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An Introduction to the Disciplinary Process of the Wisconsin Department of Safety and Professional Services - Part 8

Posted on in Professional Licensing Defense

By Attorney Arthur Thexton, Of Counsel

Part 8: How Does the Hearing With the Wisconsin Department of Safety and Professional Services Actually Proceed?

Last time, I talked about formal prosecution and the pre-hearing process; now I will talk about the actual formal hearing, in front of the administrative law judge, and the post-hearing process.

Hearing and Review DSPS-LOGO-125-100dpiWhen a case is not settled, it is heard on its merits (what most lawyers would call "tried") in a hearing room in the Department's building in Madison. The Department has made a policy decision not to hold hearings outside of its Madison office except in the most exceptional cases (such as physical inability of a witness to travel, see Wis. Adm. Code § SPS 2.15(8)). Hearings are generally reported by a court reporter. Transcripts are prepared in all contested cases, and typically the ALJ will require briefs after the filing of the transcript. The burden of proof is the ordinary civil standard, Wis. Stat. § 440.20(3). The ALJ makes a written proposal of findings of fact, conclusions of law, and disciplinary order, together with a narrative opinion. This may be as much as several months after the hearing, depending on the complexity of the case and the workload of the ALJ. The proposed decision will be served, together with an order setting time limits for "objecting" to the proposed decision.

If a party does not approve of any part of the findings, conclusions, or discipline, a written Objection must be filed. Such Objection should state with particularity the portion of the proposed filing objected to. Substitute language should be proposed. A brief or letter should set forth the reasoning for the Objection. The other side may respond in writing to the Objection. Either side may object, and it is common for prosecuting attorneys to do so, even in cases where discipline has been ordered. In all such cases, oral argument may be scheduled before the board, and each board member is furnished with the ALJ's proposal, and the objections (and response to them). The transcript and exhibits are made available at the Board meeting. The case advisor is not permitted to participate in the discussion or deliberation of the case at this point, and leaves the room. Oral argument must be specifically requested, and is usually limited to 15 minutes per side. The decision is usually (but not always) made the same day as the argument. In a case before the Department, these arguments are made before the Secretary of the Department or designee, in person, who then issues all final decisions and orders.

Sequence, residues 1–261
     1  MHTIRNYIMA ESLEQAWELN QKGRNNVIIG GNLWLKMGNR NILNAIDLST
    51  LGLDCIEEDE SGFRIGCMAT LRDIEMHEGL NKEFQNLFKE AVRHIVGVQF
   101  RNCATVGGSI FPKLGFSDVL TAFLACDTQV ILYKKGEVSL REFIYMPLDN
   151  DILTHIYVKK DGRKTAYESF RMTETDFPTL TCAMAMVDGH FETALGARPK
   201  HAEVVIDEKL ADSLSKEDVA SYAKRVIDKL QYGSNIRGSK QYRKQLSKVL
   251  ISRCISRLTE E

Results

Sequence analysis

The board (or the Secretary, or designee, who is currently the General Counsel) will issue a written Final Decision and Order, with opinion, reasonably expeditiously. The decision is actually drafted by the board's legal counsel. There is currently one attorney who serves all the boards.

"Appeals" from board orders are to circuit court, by Wis. Stat. ch. 227 review. The Department and boards are defended by the Department of Justice's civil litigation unit, not by the Division's prosecuting attorneys. The Department is without authority to appeal a decision made by a board, except in medical and real estate board cases.

There has been considerable public discussion and criticism of the Department and boards. Depending on one's point of view, cases take too long to investigate, too long to prosecute, and result in either excessive or inadequate discipline. It is important to remember that while the Department staff is responsible for the length of time that investigation and prosecution takes, the Department ultimately has no control over the disciplinary decisions made by the various boards. Conduct which may result in revocation of a physician's license may result only in a suspension for a dentist, or vice versa. Such variance is within the discretion of the boards.

It is also important to remember that the function of licensing is not to assure excellence or superiority in practice, but merely to establish a bare minimum standard, and to allow the marketplace to function above that level. In most cases, disciplined practitioners will be allowed to continue in practice when they have completed some kind of rehabilitation, reeducation, or retesting program that allows them to demonstrate that they are at least as good as the recent inexperienced graduate getting his or her first license. Revocation, like capital punishment, may be publicly popular, but is not shown to be effective as a deterrent or a remedy.

Next time, I will offer some thoughts about resources, or the lack thereof.

If you ever find yourself or your business as the subject of a Department investigation or complaint, feel contact me or another experienced attorney here at Gimbel, Reilly, Guerin & Brown, LLP.

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